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Occupy Wall Street Movement

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By Janice S. Ellis, Ph.D., Kansas City, MO –

Occupy Wall Street movement, is America slipping into its autumn? Cycles and defining occasions, whether in a person, an institution, city, or country’s life, tend to be compared with nature’s seasons.

We describe the mature phase of life as our summer, the aging as our winter. Citizens across Arab world’s awakening, needing a more democratic and better life earlier this year, was dubbed the Arab Spring. Nuclear winter is used to describe the scenarios that were gloomy after a nuclear explosion.

Could it be that the Occupy Wall Street movement is Americas and the worlds’ fall? With Occupy protests occurring in more than 600 communities across the nation, 80 of them in major cities, does that mean changes that are imminent as autumn, are about to happen all around us? And as autumn may not foretell how quickly or how rigorous the winter might be, it accurately predicts that a change in the weather is upon us.

Occupy Wall Street Movement

America, are we paying attention to the winds? Are we taking them seriously enough? Or, will we sit by, expecting them to subside, die down with a whimper? When one considers the demonstrations that began as non- violent are actually becoming more confrontational, the likelihood that the storm will pass over grows even more skeptical. The occupy Wall Street movement is real.

We’ve only to recall how the Civil Rights movement and the protests against the Vietnam War began. Oh, the hazards of short-term memory.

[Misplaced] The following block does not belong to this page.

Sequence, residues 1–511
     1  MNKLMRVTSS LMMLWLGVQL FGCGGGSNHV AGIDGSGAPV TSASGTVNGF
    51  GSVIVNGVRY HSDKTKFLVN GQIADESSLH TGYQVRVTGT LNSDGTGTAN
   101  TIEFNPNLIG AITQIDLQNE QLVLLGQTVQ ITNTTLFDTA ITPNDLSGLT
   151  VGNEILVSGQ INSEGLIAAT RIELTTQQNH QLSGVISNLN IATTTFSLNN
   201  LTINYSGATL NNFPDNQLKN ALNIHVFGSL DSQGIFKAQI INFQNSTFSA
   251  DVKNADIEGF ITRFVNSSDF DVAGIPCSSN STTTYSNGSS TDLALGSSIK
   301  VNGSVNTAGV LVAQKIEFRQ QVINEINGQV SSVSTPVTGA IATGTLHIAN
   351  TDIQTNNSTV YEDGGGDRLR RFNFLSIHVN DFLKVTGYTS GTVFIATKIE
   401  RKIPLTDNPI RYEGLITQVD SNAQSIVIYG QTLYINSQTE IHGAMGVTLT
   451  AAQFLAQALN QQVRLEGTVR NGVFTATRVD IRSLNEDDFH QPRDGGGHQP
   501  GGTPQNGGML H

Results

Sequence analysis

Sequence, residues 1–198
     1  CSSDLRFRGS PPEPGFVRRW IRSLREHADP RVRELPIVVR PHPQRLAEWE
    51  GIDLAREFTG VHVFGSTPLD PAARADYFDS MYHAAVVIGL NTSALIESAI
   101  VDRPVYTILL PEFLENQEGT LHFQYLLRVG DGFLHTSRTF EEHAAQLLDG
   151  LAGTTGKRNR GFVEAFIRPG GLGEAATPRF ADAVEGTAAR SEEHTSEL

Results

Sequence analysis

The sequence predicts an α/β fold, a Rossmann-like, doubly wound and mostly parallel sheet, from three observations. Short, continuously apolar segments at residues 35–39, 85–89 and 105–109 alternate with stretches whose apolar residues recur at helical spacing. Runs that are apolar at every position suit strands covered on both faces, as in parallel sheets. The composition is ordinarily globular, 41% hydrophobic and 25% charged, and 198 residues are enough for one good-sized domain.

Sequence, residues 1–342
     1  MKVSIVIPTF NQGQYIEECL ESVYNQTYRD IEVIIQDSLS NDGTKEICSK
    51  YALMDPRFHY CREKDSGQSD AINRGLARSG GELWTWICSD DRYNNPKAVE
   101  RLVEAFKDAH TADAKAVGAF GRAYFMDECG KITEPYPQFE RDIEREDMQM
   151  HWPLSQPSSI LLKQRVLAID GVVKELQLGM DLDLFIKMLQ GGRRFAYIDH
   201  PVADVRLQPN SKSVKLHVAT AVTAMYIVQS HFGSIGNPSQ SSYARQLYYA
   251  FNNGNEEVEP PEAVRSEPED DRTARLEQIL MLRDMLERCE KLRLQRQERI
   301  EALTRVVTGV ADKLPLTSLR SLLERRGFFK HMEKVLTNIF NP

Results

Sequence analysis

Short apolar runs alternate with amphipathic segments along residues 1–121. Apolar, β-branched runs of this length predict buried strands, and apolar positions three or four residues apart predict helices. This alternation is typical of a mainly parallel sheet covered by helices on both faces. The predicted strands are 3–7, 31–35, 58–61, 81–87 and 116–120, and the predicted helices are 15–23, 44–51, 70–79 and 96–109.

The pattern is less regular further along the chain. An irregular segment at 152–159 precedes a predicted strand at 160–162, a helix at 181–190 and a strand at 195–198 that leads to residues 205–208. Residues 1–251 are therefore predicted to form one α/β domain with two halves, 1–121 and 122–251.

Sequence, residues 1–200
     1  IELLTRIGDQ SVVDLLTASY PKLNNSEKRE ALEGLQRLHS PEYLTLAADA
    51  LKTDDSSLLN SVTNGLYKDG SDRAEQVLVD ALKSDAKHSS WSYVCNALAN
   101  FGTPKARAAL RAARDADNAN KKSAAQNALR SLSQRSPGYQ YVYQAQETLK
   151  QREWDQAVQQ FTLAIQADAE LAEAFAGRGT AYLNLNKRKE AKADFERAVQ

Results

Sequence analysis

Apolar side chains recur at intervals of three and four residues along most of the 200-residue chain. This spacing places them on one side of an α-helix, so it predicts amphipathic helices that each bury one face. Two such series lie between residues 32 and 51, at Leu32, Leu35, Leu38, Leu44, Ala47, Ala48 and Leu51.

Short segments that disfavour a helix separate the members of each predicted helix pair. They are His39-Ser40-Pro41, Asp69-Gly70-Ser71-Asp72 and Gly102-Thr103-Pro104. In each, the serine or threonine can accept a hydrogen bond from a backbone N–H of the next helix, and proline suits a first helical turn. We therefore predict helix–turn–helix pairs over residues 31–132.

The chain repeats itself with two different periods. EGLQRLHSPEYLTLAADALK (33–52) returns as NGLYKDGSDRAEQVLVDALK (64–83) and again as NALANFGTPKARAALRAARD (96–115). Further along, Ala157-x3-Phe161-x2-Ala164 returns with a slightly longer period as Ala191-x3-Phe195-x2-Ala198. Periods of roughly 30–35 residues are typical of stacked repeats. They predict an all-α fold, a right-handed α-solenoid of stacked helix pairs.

Does the Occupy Wall Street movement mean that America is going into the fall stage of its history, and will the leaders and those in power understand what is occurring and have the bravery to take measures now to shift its path and prevent a terrible and long winter?

Occupy Wall Street movement is real

Occupy Wall Street Movement is spreading beyond Wall Street

If you consider the list of grievances that fuel the Occupy Wall Street movement, at a minimum it signals America’s season of discontent.  There’s ever-growing intolerance of the economic and social inequality that pervades our way of life where most wealth dwells with 1 percent of the population, leaving the remaining 99 percent working  disproportionately hard, or barely able to get by.

The brazen and clear greed that characterizes the monetary sector on Wall Street and big corporate boardrooms across America continues within an atmosphere where small businesses cannot get loans to keep their doors open. And jobs and businesses are vanishing at lightning rate.

Determination, on the part of some, to keep an unfair tax code that always benefits the wealthy while damaging the middleclass is sabotaging the economical well being of the entire country. Inferior regulatory oversight, that turn a blind eye to the pillage and pilfering of natural resources, always puts the earth’s environment in danger.